Danger at Darkshelf Quarry

I played in my first game today, organised through the Torchbearer community on Google+. We played via a Google Hangout, using the Roll20 app as a diceroller, turn counter, and shared inventory sheets. It worked fairly smoothly, and I think in future games the Roll20 setup will be refined further.

We went through character creation together and came up with:

Gregory the Dwarf (me)
Beorian the Elf Ranger
Marian the Human Warrior

The GM gave us the choice of playing 3 Squires, Ravenmoor (a Pathfinder module) or a scenario from the recent reprint of the Against the Slave Lords series (which we chose).

The game opened in the remote village of Darkhaven, where the local overlord offered us the chance to earn some serious coin by investigating strange happenings at a nearby quarry. To sweeten the deal, he said there was a rumour that there was gold hidden in the quarry tunnels, and we could keep what we found. That was enough and we agreed to help.

We set out and arrived at the quarry later that day. As we approached, we came to a fork in the path; one way went down to the quarry entrance, the other up a hill to a guard tower. Beorian’s instinct was to always scout ahead, so he headed up to see what was happening at the guard tower. There was nobody there, so we approached the building for a closer look. We saw no sign of activity, and the only entrance was a large wooden door.

We knocked: no answer. We tried to open it: it was locked. Marian (whose specialty was Criminal) said she would be willing to try to open the door, but not if we were being watched. We succeeded with another Scout test and realised that there was a group of goblins hiding behind the door waiting to ambush us if we entered.

Instead, we retraced our steps and took the other path to the quarry entrance. Another successful Scout check allowed us to identify two guards patrolling near the entrance, walking in a figure-8 around two pillars in the area. Beorian’s belief was something to do with fighting being best avoided, and as he was our leader we decided to sneak past. Another successful Scout test and we took the right-hand tunnel.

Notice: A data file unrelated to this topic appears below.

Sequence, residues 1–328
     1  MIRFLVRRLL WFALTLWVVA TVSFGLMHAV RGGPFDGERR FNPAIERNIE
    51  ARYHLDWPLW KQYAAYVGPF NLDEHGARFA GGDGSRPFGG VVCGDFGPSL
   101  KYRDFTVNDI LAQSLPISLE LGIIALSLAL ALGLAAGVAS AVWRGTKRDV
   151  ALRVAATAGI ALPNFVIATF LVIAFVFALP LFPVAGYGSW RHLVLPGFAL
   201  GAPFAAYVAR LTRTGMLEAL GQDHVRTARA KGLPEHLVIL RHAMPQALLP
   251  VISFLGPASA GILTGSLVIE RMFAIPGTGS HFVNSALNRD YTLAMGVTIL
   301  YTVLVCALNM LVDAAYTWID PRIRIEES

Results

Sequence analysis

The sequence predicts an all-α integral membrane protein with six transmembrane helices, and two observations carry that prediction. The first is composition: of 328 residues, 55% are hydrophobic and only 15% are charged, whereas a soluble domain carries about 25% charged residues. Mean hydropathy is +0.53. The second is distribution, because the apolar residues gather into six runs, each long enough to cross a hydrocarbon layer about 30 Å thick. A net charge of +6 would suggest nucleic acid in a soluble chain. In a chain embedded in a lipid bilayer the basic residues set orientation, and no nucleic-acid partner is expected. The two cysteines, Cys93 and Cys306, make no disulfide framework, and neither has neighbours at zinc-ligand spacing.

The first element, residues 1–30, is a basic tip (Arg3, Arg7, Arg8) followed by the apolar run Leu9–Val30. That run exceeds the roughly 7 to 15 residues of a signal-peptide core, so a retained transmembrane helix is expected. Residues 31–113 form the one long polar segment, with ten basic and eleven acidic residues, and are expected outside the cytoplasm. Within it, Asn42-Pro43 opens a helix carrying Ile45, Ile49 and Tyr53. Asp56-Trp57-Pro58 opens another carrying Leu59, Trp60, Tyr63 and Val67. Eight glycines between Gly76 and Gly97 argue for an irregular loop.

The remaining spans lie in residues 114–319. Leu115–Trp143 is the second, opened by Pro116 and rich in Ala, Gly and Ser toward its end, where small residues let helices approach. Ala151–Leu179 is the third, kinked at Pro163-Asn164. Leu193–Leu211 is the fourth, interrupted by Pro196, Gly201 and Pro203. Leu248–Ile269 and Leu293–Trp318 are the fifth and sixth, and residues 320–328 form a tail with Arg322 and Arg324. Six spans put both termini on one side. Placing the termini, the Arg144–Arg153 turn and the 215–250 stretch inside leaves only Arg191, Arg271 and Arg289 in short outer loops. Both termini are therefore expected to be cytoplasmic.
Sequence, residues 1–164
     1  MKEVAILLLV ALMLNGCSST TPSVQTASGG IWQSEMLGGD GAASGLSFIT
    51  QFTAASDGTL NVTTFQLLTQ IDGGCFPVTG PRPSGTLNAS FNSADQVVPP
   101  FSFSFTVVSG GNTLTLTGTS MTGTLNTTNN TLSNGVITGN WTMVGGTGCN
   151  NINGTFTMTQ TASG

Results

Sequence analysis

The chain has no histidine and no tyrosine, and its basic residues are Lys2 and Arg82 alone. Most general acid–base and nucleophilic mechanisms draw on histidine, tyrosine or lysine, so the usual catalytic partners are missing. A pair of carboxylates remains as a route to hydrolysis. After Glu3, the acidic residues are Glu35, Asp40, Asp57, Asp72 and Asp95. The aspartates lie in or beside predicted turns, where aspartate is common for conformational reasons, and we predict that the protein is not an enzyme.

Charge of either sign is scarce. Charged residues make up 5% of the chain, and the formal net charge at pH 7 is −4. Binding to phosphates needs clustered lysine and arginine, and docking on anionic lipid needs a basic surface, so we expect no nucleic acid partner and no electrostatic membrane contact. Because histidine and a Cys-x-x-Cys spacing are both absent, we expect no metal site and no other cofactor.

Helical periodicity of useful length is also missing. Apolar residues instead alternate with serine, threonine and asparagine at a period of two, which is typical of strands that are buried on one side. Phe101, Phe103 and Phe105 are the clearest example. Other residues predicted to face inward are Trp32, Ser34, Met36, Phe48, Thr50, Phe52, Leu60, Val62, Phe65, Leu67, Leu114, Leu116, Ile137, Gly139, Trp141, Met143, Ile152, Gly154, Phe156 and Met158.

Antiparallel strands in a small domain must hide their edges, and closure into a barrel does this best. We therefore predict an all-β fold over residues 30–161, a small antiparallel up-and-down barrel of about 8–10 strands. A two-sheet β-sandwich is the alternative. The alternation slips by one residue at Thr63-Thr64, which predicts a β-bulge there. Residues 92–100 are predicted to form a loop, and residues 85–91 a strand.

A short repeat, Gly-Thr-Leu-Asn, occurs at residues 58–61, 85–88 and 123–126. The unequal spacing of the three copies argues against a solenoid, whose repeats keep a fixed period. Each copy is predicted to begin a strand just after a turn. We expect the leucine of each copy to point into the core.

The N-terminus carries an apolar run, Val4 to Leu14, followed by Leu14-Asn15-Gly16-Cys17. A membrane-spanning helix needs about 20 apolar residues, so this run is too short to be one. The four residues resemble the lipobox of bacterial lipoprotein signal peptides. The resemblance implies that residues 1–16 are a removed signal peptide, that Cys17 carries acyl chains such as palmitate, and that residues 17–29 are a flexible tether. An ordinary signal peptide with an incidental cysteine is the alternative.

We found ourselves in a bunk room, with four beds with sleeping occupants and a firepit full of glowing embers. Marian searched a table but found nothing of use, I looked under the bed and found some fighting gear and a set of knucklebones, but we decided to wait for something more precious. I took the Scout test. It was Ob 3, I had Scout 2 and a helping die from
Beorian - he suggested this might be a good place to use a trait to earn a check, so I used my Foolhardy trait against myself the occupants seemed to be sleeping soundly, so I was less cautious than I usually would have been.

This moved the chance of success from “remote possibility” to “statistical impossibility”, so we braced ourselves for failure. The GM ruled that as we moved through the room, Marian tripped over something, scattering embers and crashing into the table. She wasn’t hurt, but had made a lot of noise—so much that the four goblins sleeping in the room woke up, and the two guards we had snuck past came running to see what was happening.

This was a “monster twist”, so we had to choose a conflict type from the Goblin list, and we elected to flee. Since the human guards were coming in behind us, we decided to try to flee further into the quarry. (OOC, Marian noted this was the equivalent of running upstairs instead of out the front door in a slasher flick.)

We’re hoping to get the Roll20 cards set up for next time, but this time we just had the GM write down his scripted actions before we discussed ours. We rolled 6 disposition, against the GM’s 6. I was the conflict captain and tried to script actions based on the fiction. Since I was foolhardy and Marian tripped over, that meant only Beorian could react quickly. Hopefully he would take out a few of the guards so they would lose some of their help dice in subsequent turns. Then I would try to Defend Marian (who had fallen over), and Marian would Manoeuvre to get up and away.

Beorian, Attack - 2 successes
Guards, Attack - 5 successes